Horn Book Review

In the first chapter of Hautman's character-driven thriller, Shayne Blank, a slight sixteen-year-old, walks into a police station and calmly confesses to murder. Shayne is the enigmatic new kid who befriends outsider Mikey Martin. The smallest kid in school, Mikey wears formal suits and has a big mouth -- traits that only make him more vulnerable. During a raid at school, Mikey is forced to dump a stash he's holding for his sister's "violent, psychotic, drug-dealing creep" of a boyfriend, Jon Brande, who then insists that Mikey pay him for the loss. Shayne steps in to defend Mikey, further angering Jon and his henchmen. Hautman deftly builds tension with escalating violence and the mystery surrounding Shayne, who looks unassuming but has the fighting skills of a martial arts master. Shayne's confession unfolds a piece at a time in sections labeled "The Interview Room"; these are interspersed with Mikey's narratives and those of good-guy detective George Rawls. Hautman draws us into a side of teenage life darkened by drugs, and the story asks whether violence can ever be justified. Though we see the tragic roots of Jon's cruelty, he is nonetheless detestable. Does such vicious behavior deserve punishment? Shayne's history of vigilantism offers a resounding yes, and despite his "Blank" identity, he leaves a lasting mark on those he encounters. Hautman's philosophical yet suspenseful novel will have a similar impact on readers. lauren adams (c) Copyright 2010. The Horn Book, Inc., a wholly owned subsidiary of Media Source, Inc. No redistribution permitted.

Kirkus Review

A stranger rides into town on a battered old BMW motorcycle and with mad ninja skills stands up to the drug-dealing bullies in the high school, then walks into the police station and confesses to murder. In a tale reminiscent of Shane and The Lone Ranger ("Who was that masked man, anyway?"), three narratives intertwine to tell the story of Shayne Blankhis own statement to Detective Rawls, Rawls's story and the story of Mikey Martin, the smallest kid in the 11th grade, whom Shayne protects from drug trafficker Jon Brande. Hautman weaves the narrative threads perfectly to provide back story and to advance the plot, expertly developing fully realized characters and, ultimately, pinpointing exactly where the stories don't cohere, where all is not quite what it seems. Masterfully written with simple prose, solid dialogue and memorable characters, the tale will grip readers from the start and keep them reading in one big gulp, in the hope of seeing behind Shayne's mask. A sure hit with teen readers. (Fiction. 12 up)]] Copyright Kirkus Reviews, used with permission.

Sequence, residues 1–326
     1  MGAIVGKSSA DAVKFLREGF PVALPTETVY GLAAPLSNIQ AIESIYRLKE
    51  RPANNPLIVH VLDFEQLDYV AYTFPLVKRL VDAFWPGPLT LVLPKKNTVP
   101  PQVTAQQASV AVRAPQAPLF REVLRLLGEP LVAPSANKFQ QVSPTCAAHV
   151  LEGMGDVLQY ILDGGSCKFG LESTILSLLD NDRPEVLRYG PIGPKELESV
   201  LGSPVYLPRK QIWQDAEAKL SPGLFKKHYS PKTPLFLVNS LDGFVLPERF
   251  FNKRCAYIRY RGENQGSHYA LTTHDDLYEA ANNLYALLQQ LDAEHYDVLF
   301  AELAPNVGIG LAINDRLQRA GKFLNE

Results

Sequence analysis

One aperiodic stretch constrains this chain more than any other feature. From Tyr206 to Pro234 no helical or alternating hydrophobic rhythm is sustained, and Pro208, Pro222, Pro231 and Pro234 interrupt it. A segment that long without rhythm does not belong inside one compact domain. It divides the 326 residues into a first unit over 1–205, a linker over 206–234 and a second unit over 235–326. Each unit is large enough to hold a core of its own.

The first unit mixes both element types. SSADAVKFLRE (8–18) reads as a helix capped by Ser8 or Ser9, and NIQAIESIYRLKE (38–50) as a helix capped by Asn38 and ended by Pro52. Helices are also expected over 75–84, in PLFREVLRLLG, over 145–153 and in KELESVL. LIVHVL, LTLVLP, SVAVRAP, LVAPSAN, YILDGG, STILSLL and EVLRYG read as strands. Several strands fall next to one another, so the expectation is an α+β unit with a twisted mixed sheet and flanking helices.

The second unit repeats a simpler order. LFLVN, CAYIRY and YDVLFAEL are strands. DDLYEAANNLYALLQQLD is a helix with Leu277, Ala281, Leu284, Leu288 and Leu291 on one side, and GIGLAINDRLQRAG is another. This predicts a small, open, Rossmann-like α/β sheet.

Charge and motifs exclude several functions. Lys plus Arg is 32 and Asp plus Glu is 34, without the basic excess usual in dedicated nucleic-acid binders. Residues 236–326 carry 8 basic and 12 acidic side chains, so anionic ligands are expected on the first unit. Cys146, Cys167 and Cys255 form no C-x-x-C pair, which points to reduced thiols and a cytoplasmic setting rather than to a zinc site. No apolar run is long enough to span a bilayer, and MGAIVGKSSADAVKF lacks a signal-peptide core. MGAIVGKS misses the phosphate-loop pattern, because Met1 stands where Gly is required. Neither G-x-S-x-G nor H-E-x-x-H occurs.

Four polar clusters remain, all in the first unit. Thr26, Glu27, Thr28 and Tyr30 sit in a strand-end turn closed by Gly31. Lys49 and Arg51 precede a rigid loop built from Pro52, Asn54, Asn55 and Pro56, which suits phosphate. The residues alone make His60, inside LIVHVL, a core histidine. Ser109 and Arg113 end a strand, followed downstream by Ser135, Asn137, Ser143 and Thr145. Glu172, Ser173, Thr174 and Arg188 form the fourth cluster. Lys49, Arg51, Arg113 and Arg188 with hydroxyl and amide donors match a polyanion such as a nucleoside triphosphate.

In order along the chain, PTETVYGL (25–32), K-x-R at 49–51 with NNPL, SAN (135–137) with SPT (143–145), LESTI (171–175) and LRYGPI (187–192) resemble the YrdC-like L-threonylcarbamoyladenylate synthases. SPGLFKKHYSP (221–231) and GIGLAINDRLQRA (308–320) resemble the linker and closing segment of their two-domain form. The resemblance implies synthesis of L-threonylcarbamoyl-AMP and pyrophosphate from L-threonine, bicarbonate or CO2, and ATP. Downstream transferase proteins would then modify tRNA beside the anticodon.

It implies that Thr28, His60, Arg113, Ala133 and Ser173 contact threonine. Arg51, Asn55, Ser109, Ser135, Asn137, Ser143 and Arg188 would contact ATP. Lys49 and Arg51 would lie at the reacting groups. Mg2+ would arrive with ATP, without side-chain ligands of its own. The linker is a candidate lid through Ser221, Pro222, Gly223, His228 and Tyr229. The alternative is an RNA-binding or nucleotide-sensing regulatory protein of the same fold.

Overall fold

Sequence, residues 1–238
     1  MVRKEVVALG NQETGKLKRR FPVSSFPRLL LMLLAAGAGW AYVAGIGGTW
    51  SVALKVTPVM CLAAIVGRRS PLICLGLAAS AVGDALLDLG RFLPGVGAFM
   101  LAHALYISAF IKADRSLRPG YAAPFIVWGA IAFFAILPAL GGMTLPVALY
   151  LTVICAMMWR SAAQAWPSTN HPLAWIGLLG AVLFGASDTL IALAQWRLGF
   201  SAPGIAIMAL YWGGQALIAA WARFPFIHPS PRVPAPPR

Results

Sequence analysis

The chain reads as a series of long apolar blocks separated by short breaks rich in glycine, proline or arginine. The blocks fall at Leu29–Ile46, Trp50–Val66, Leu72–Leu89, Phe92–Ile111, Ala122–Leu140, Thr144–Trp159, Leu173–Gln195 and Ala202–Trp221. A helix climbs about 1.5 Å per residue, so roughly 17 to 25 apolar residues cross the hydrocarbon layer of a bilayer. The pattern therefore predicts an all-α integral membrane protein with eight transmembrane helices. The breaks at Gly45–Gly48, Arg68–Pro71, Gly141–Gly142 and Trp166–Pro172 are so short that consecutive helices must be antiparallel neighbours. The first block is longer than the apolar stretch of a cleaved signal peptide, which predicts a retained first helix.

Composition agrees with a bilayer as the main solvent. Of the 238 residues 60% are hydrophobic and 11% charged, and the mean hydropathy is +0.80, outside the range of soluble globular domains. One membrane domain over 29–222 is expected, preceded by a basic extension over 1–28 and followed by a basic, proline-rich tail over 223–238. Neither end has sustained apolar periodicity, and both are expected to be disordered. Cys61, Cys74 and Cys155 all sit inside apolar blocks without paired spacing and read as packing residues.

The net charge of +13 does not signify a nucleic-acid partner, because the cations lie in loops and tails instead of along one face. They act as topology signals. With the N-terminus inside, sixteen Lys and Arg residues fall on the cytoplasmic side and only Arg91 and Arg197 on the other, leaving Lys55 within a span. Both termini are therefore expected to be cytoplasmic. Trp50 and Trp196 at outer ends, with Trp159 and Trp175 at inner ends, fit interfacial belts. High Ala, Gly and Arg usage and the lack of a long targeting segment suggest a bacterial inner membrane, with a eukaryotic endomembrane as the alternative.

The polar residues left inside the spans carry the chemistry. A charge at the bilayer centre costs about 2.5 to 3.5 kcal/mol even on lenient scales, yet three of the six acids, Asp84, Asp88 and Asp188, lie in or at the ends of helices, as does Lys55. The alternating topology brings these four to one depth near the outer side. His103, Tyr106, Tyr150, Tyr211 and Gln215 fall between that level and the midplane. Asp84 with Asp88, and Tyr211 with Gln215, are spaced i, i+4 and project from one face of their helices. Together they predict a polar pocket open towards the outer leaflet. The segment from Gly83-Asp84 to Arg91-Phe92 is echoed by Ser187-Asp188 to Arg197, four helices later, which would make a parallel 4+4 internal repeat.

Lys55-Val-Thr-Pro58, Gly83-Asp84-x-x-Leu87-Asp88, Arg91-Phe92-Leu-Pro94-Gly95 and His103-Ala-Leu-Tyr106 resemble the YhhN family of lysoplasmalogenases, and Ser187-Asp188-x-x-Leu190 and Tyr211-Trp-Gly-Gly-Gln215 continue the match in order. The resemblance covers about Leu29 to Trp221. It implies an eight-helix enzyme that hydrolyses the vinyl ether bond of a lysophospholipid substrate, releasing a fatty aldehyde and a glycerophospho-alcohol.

Booklist Review

A 16-year-old kid named Shayne Blank walks into a police station and announces that he has killed someone. Detective Rawls, intrigued by Shayne's calmness, allows the teen to lead him through the entire story, right up to the murder. These chapters, told from Rawls' point of view, alternate with the backstory, told by Mikey, a perennially bullied, suit-wearing eleventh-grader who makes a bond with the new kid Shayne who Mikey describes as always measuring, evaluating, computing. Shayne also has jaw-dropping hand-to-hand combat skills, and soon both kids are unwillingly dragged into the drama of a teenage drug dealer. It's a classic crime setup, but in Hautman's hands, character comes first, and Mikey is better fleshed out than most protagonists. Shayne provides a different and unusual challenge: by definition, he is a mystery, something of a blank slate. He is more superhero than anything else, and an epilogue explanation may divide readers into those who appreciate Hautman's finality and those who would have preferred not knowing the full truth.--Kraus, Daniel Copyright 2010 Booklist